Name That Neighborhood: TriBeCa not so triangular

Some New York neighborhoods are simply named for their location on a map (East Village, Midtown). Others are given prefabricated real-estate designations (SoHo, DUMBO). But a few retain names that link them intimately with their pasts. Other entries in this series can be found here.

For all the New York City neighborhoods with wonderful old names hearkening back to Lenape, Dutch and British settlers, we have a small number crafted by other, more venerable tribes — real estate brokers and community organizers. Dumbo is not a city in the Netherlands; NoLiTa is not Lenape for ‘neighborhood’. And at least one –TriBeCa, that fashionable neighborhood northwest of City Hall — is made of comprised of a complex portmanteau that isn’t even technically accurate.

The area bounded on the north by Canal, south by Vesey Street, east by Broadway and west by the Hudson River is calm and quirky compared to other neighborhoods, owing to its shape, sculpted by a cross work of diagonal streets braced against the grid-like blocks between Church and Broadway. While the Lower West Side, as it was earlier known, began as a residential district in the late 18th century, its proximity to the docks and to the Hudson River Railroad’s St. John’s Park Depot transformed the neighborhood into a center of industry, primarily textiles by the 1850s.

Like the Meatpacking District further north, the western edge of the area also became a grocery center for New Yorkers, with fresh produce, dairy and meat. The streets of Washington Market, as it was known then, were clogged with buyers and sellers with vendors even set up along the Hudson River docks. A chaotic mess to be sure, to contrast with many of the gorgeous Italianate and Romanesque Revival buildings built by wealthy companies to house their offices and factories.

Below: You can easily find remnants of TriBeCa’s ‘material’ past

Flash forward to the 1960s. The factories long abandoned and the western warehouses cleared away to construct the West Side Highway, the large now-empty spaces attracted artists, musicians and “bohemians”, slowly returning the neighborhood to its original residential leanings. Similar, in fact, to the phenomenon of SoHo just north, also a locus for artists, whose tenacious effort to turn industrial space residential led to the creation of its made-up name (SOuth of HOuston) and historical landmark designation in 1973.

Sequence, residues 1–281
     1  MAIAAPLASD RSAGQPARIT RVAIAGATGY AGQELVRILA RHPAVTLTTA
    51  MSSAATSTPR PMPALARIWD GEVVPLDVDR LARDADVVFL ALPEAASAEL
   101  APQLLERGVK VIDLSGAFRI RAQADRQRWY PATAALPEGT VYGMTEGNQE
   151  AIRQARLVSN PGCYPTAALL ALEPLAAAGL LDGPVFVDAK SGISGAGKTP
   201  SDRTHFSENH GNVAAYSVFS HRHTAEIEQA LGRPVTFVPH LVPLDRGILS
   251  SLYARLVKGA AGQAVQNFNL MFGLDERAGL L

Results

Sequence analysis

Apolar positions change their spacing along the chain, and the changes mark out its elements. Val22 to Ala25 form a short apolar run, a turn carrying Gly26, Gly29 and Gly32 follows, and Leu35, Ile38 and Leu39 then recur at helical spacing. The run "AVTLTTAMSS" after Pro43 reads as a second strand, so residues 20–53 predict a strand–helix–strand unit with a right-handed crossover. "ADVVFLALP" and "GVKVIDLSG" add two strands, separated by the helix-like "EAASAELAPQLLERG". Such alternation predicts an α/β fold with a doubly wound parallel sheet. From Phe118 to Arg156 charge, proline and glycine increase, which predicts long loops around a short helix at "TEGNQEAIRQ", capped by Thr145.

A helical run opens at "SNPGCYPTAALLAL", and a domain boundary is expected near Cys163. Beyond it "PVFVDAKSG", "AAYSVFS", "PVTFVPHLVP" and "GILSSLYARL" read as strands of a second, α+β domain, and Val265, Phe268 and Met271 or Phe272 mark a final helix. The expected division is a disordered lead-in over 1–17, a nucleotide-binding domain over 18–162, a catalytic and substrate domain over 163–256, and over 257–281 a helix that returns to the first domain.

The residents of Washington Market followed suit. Or rather, those centered around an actual triangular block — the one with Canal to its north, Lispenard to its south and Church to its west. (It narrows pointing to Broadway on its eastern edge.) They formed a block association called the Triangle Below Canal to rally behind a similar designation for their area. Although they too are technically south of Houston — and Washington Market has a cleaner, historical ring to it — the organization’s name was truncated, and TriBeCa was soon born.

Although TriBeCa represents the entire area, in fact the neighborhood (outside of a few individual blocks) is not actually triangular at all. But as the true sign of the neighborhood’s drastic transformation, the area’s unofficial king is an Oscar-winning celebrity — Robert De Niro. The actor, who moved here in the ’90s, brought two restaurants and a film festival here, which allowed other celebrities to follow suit.

You can find more indepth information on the history of TriBeCa at its official website.

Below: Where once crowds of produce cellars clogged the streets, now filmgoers enjoy cocktails and watch film premieres